Chicago Reader (press)

On April 16th, The Chicago Reader published a photograph from Fudgie’s Death in a story on the Banners and Cranks Festival of Cantrastoria at Links Hall,

I was in Chicago at the festival to perform Fudgie’s Death, a segment of Growing Up Linda. Growing Up Linda was an ensemble actor-puppetry performance in which a woman who believes she’s the daughter of a famous ice cream mogul must come to terms with her troubled past. In Fudgie’s Death, table-top pop-up books transform into full-screen cinema in a neo-noir tale of desperation and depravity,

2010-04-16-Reader-edit-detail-invert-8x8-72dpi Chicago Reader 2010 Fudgie's Death

With all the talk about iPads and 3-D movies, I long for a great technological leap backward, and this looks like just the thing. Touted as the first festival of its kind in the U.S., Banners & Cranks celebrates cantastoria, a way-low-tech ancestor of moving pictures. The form dates back 14 centuries, to India, and basically consists of a performer telling or singing stories keyed to a set of illustrations. The images may be rolled up in a scroll and unspooled along with the tale, or they may appear on a single banner, with the performer pointing to one or another of them at the appropriate moment. In a fund-raising video made for the Kickstarter site, Clare Dolan, who curates with Dave Buchen, narrates the history of cantastoria itself with the aid of pictures painted on her dress. The festival unfurls at Links Hall (3435 N. Sheffield) over three weekends, starting April 23. Participants include local fringe stars Jenny Magnus, David Isaacson, and Blair Thomas, as well as illustrious visitors like Wisconsin’s musical Dolly Wagglers, Great Small Works (which was also here in February, for Links Hall’s toy theater event, The World Is Flat), and the legendary Bread and Puppet Theater. Also on hand: strangers with interesting names like Shoddy Puppet Company and Marsian (pronounced “martian”). In connection with the festival, Dolan has curated a gallery show, Tradition & Reinvention, comprising artifacts of “picture-story performance from the ancient to the post-modern.” It kicks off Friday with a gala that features music, films, and live performance.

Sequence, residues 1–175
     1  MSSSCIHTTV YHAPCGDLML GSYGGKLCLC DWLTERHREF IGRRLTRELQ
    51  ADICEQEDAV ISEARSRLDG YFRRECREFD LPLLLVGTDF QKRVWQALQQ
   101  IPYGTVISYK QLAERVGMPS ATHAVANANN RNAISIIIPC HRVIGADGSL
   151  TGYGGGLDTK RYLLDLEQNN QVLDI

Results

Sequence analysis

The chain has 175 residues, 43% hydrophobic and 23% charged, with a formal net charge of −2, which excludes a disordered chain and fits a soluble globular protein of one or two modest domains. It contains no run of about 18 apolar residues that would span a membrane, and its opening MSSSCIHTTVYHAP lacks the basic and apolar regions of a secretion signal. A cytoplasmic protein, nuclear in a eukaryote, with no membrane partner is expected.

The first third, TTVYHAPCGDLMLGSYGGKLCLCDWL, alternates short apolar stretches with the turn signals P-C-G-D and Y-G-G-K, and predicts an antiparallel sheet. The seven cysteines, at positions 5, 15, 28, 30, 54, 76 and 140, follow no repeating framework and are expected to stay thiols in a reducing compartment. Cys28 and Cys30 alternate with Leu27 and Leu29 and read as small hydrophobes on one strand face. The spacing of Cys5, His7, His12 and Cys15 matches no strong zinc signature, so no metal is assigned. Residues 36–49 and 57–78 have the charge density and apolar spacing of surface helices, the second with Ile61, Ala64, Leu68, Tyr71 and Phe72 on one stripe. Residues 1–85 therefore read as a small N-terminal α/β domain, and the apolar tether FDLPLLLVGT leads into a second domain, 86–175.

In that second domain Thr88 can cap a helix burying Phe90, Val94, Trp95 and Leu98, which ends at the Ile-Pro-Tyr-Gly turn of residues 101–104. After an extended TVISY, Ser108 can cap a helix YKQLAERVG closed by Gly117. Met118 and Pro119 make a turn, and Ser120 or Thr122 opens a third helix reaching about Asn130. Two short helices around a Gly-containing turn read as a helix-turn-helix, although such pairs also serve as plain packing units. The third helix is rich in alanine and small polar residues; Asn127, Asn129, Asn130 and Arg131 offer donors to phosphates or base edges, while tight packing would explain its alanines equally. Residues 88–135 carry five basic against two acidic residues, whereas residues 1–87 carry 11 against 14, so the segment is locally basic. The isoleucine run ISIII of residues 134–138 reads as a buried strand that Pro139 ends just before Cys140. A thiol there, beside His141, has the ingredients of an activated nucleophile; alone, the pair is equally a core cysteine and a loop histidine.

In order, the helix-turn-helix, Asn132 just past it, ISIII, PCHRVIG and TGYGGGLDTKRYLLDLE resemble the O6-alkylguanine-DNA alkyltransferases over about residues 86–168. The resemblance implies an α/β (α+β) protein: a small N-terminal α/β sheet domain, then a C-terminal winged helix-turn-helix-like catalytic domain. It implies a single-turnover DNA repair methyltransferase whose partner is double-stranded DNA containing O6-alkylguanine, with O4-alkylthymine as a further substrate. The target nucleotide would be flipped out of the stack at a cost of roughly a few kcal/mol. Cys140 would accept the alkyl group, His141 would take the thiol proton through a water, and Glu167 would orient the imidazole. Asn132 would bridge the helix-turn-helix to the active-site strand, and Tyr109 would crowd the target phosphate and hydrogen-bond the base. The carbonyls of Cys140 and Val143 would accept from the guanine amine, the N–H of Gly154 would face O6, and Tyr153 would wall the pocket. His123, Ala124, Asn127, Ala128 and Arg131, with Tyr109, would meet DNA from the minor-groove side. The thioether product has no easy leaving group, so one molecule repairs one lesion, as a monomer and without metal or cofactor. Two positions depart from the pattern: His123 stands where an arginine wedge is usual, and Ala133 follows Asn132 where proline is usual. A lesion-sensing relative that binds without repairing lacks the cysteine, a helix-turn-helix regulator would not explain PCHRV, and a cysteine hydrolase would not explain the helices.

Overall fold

Tony Adler, Chicago Reader